Action Step: Why not encourage your friend going into missions to contact folks in the field and ask what would be helpful to learn before they go? Maybe they could head to a local college that offers community classes. Or you could design a course together using free YouTube videos, online articles, or _______ for Dummies books.

What Else Does a World Traveler Need to Know?

I raised the question on Facebook. A savvy colleague jumped in to add the following:

“Cutting hair, driving a manual transmission car, speaking softly, packing efficiently, how to avoid getting pick-pocketed and other basic personal security tips, journaling, basic first aid, staying nutritionally healthy, basic internet security.”

Wow. I am pretty sure he could have continued for quite a while in that vein. What would you add? My two bits: how to build a fire that won’t go out and how to hand wash and mend clothing—skills I’ve seen short-termers struggle with.


The point is not to become omnicompetent so you never embarrass yourself, depend on others, or experience frustration in another culture. That’s not even possible. Nor should we encourage people to set their sights on avoiding all inconveniences or living just like they did in their home country. The fact is that every expatriate will have to adapt, shelving old skills for a season and dusting off or developing new ones.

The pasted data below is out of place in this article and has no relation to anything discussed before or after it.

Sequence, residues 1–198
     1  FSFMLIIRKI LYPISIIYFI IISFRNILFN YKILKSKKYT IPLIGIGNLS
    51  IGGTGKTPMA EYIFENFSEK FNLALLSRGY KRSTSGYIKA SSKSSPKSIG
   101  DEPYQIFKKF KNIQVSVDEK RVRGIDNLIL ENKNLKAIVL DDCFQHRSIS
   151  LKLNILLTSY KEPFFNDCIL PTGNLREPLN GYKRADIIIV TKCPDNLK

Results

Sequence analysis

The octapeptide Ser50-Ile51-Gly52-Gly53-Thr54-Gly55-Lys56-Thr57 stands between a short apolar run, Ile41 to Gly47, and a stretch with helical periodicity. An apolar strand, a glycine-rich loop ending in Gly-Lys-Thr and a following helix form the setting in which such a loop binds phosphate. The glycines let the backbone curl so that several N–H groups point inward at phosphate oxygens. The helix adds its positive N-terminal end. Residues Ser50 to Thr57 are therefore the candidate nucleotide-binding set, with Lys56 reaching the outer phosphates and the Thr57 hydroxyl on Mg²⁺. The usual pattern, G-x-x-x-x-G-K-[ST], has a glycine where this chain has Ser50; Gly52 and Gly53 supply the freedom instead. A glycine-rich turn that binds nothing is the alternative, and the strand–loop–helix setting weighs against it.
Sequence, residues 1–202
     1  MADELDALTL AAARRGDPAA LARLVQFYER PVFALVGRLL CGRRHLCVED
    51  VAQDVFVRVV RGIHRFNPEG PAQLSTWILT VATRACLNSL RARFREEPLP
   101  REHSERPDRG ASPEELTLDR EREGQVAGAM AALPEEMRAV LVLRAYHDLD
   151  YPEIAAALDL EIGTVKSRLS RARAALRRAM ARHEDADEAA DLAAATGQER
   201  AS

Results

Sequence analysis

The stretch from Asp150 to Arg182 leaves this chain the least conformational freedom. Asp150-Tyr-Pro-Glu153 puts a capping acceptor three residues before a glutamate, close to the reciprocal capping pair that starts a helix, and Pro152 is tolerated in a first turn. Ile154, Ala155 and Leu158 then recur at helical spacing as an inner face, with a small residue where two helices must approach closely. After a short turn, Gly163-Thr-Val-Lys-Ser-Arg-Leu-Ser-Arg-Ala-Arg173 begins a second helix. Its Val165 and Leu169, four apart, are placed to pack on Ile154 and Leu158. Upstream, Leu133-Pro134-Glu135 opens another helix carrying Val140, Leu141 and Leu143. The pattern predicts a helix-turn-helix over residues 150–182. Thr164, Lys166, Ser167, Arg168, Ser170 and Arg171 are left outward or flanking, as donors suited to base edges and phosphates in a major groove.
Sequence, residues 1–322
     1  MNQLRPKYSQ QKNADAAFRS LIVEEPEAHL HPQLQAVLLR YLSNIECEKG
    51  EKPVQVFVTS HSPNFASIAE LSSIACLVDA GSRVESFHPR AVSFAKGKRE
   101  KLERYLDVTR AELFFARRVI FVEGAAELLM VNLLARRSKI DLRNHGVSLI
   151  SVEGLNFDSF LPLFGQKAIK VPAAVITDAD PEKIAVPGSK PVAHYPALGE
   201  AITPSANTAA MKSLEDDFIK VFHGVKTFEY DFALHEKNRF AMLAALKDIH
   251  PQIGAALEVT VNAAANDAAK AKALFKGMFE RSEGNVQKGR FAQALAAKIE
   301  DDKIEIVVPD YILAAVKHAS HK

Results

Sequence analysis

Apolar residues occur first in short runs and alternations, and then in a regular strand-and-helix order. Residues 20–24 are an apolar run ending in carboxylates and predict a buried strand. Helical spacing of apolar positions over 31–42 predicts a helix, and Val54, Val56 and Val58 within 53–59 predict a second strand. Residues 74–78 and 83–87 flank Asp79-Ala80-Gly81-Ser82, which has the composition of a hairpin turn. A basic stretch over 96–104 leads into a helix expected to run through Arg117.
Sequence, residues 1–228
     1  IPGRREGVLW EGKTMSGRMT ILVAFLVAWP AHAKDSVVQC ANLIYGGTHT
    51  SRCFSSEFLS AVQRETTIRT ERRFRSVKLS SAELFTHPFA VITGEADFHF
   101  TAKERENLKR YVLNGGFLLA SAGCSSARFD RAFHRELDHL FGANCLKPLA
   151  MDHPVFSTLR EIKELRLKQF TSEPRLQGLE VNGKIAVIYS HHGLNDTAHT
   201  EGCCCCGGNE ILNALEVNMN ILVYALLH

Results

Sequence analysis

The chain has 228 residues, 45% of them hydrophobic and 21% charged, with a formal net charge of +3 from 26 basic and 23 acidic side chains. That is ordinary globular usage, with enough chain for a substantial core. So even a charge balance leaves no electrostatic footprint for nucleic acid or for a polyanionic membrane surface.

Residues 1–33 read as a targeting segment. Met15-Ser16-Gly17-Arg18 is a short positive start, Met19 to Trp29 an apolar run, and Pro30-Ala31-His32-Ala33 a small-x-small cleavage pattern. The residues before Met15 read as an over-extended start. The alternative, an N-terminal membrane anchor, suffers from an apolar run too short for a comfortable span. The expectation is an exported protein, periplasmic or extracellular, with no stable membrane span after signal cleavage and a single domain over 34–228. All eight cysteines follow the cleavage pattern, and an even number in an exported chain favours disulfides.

The point is this: Let’s not send people to the field handicapped by a lack of practical skills “everyone knows” in the place they go, skills they may currently lack but could get a head start on before leaving home.

On a final note, this may also be a sneaky way to involve more people in your mission mobilization efforts. Tap folks in your church or community who may not realize they have something to give on the mission front. Teaching a missionary to bake bread, ride a motorcycle, or change a tire could be just as valuable as getting themselves a passport or writing a check to a mission agency.

Got a story from your own experience or a word of wisdom for those mobilizing and mentoring tomorrow’s missionaries? Send it my way, and we’ll fold it into Part 2.

Practical Mobilization: 7 Ways to Change the World in 2023

…And a roundup of resources to help.

Read or share the email edition of this article.

1. Surrender yourself to God.

This first one is not new but it may help make way for a new you for God to use as he pleases. This a covenant prayer from the Wesleyan tradition. And evidently, it’s often been used as a way to realign one’s heart at the start of a new year: